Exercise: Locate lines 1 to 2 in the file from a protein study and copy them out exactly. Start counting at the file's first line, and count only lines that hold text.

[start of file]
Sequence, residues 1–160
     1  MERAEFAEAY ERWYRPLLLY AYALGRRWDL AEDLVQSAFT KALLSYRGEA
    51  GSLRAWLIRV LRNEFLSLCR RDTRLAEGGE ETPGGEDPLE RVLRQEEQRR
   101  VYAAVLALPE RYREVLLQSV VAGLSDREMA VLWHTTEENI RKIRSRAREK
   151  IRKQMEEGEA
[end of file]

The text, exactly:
Sequence, residues 1–160
     1  MERAEFAEAY ERWYRPLLLY AYALGRRWDL AEDLVQSAFT KALLSYRGEA